Tuesday, April 17, 2007

Which Web Conferences to Attend?

Have you had it up to HERE with web conferences that are a waste of your time and money? I certainly have. Perhaps I’ve become more discriminating now that I run my own shop (and pay for these events out of my own pocket), but overall I think the ROI of most web conferences is pretty poor. So I’m inviting my friends in the interactive world to participate in an experiment. Let’s tell each other which conferences we attend, rate them, and share anything of value that we picked up. Hopefully, over the next year we will all become better informed consumers of web conferences!

I’ll kick things off with a report on OMMA Hollywood, held last month here in LA.

OMMA Hollywood, March 19-20, 2007 Hollywood CA (Rating: 3 out of 5 stars)

A few topics dominated the conference, namely social networks, broadband videos, and user generated content (UGC). Some points of interest...

The Doritos UGC Campaign
Jason McDonell’s presentation on the Frito-Lay UGC campaign that culminated in two user-developed commercials airing during this year’s Super Bowl was excellent. Despite being panned by most of the ad rags, the winner of the Doritos campaign was ranked in most online surveys’ top 5 ads from the Super Bowl, and generated enormous free publicity. In fact, Jason stated that UGC and user polls will play a key roll in upcoming product creation and naming, adding legs to what would otherwise be a one-off promotional campaign.

Another thing that I found interesting about the Doritos UGC campaign was the relatively small number of entrants. Despite the value of the prize, only about 1,000 submissions were received, and many users submitted multiple entries. This is consistent with my clients who have tried UGC campaigns – they are usually disappointed with how few people actually enter. However, I think the Doritos campaign shows that despite a low turnout, there can still be a lot of value in these campaigns.

Other Points of Interest:

• An introduction to “adver-widgets,” care of Clearspring (http://www.clearspring.com/) a “leader in widget building, syndication and tracking.” The syndication and tracking aspect is key. Clearspring creates branded widgets that users are encouraged to share virally across multiple social networks and personal sites, then tracks how many places they are adopted. Very interesting.

• Jupiter Research confirms that “Frequent Social Networkers Skew Young, but Are Not Necessarily Influential” (http://www.jupiterresearch.com). This confirms my own research on social network users. Because social networks, particularly MySpace and Facebook, have grown so rapidly in the last year or so, their users are now pretty mainstream. Early adopters exist on MySpace, but they can be found in higher concentrations on newly emerging networks, or among those who self-identify as users of multiple networks. It’s also interesting to note that online opinion leaders/influencers are different than offline ones.

• I loved Quantcast(http://www.quantcast.com/), although I have no idea how accurate they are. They provide totally free site traffic estimates and audience demos. I checked a couple of my client sites, and they seemed to be about as accurate as Hitwise, and a lot better than Alexa, but that’s anecdotal feedback only, so don’t hold me to it!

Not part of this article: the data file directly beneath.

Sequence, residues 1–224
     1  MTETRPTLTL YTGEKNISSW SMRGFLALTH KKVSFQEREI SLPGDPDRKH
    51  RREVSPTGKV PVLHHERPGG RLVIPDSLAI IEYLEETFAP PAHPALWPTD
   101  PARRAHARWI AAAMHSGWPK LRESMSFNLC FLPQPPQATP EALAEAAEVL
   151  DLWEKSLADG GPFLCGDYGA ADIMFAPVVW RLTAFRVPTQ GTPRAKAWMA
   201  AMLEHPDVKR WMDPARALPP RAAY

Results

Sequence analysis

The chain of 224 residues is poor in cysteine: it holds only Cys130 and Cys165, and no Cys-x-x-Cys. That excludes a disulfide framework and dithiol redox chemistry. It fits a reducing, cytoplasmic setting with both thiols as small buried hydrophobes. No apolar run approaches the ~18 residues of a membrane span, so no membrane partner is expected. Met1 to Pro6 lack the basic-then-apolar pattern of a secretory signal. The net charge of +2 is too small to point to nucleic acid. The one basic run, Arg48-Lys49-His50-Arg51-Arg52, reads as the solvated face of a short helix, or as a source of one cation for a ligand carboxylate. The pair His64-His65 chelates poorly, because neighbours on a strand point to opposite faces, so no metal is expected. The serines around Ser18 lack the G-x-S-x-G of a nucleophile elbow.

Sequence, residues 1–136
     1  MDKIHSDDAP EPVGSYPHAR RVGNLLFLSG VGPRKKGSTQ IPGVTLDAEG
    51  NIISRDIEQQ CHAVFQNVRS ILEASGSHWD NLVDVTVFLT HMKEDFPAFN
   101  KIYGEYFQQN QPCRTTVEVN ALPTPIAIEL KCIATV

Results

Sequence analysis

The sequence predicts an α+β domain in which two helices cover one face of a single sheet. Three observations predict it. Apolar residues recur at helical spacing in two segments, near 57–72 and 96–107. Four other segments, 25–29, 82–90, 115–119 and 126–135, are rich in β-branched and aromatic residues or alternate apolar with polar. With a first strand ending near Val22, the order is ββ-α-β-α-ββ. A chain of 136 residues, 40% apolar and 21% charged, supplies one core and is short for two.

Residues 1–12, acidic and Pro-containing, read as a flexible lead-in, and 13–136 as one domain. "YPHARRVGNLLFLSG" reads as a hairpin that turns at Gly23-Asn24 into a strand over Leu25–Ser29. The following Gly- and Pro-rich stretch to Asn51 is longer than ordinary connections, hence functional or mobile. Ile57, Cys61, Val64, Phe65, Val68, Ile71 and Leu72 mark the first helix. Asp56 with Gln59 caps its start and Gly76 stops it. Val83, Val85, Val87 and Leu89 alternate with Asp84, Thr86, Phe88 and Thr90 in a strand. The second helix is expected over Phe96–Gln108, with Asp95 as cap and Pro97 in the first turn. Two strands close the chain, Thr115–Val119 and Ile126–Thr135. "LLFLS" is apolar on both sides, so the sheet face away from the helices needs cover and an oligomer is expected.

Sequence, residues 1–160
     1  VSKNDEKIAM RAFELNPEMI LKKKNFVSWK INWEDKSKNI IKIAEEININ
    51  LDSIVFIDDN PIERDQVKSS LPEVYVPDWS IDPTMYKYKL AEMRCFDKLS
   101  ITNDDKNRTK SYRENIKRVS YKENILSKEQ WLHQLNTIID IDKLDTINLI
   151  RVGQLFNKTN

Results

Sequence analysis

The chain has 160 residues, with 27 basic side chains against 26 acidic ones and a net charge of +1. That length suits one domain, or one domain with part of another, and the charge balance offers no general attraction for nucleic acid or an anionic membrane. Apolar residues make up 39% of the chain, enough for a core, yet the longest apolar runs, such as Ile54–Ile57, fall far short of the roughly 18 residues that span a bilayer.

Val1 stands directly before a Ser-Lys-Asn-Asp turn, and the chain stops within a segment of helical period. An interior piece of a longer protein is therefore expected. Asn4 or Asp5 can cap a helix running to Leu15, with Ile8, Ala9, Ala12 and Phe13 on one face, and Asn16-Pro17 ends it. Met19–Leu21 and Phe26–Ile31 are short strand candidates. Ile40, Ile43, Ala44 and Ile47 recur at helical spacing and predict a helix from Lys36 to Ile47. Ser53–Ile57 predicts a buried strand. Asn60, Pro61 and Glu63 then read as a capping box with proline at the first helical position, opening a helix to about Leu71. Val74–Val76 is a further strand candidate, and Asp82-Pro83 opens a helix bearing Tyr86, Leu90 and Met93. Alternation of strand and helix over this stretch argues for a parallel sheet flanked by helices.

• I was also intrigued by Reality Digital (http://realitydigital.com/index.htm), which offers a hosted dashboard and API for UGC video and image uploads, and their management and oversight, into established web sites. They not only had a robust, easily skinnable product, but a wealth of real-world experience about what’s likely to happen once you introduce social networking into your site -- and how to mitigate the blowback from your senior execs and legal department.

I hope you’ll all play along and dish the dirt on the next conference you attend. To contribute your recent conference review, post your thoughts here for everyone to see, or email me at kcampbell@whatsnextinteractive.com.

1 comment:

Ceci Bartels said...


I just read your newsletter and love your idea about rating and reviewing conferences. Let me be the first to contribute a review.

I went to the ROMI (Return on Marketing Investment) conference in Miami in February. Of their scheduled and promoted presenters there were four that I specifically wanted to hear so I invested in making the trip and attending the conference. However, TWO OF THE FOUR were a no-show! Since then I've noticed that one of those four speakers is showing up on so many conference lists that I don't know how he could be doing his day job.

This was the 10th year for the conference and many in the room made it an annual event. However, this year the regular attendees felt that there were too many vendor presentations and not enough speakers with strategies that addressed their core issue of return on marketing investment analysis.

The first day of the conference a whole track called "Customer Metrics and Measures" was eliminated.

The conference organizers could also have done a better job as hosts. There were no planned cocktail parties or dinners for attendees to avail themselves of and the conference rooms were freezing.

The intimate size of the conference made it possible to meet the speakers and others attending and that was a real plus.

Some of the speakers did do a fine job and made attending the conference worthwhile. In fact, I recommended MARKETINGNPV (www.marketingnpv.com) today as a company doing interesting work in creating effective marketing dashboards.

I would rate this year's ROMI conf a C-.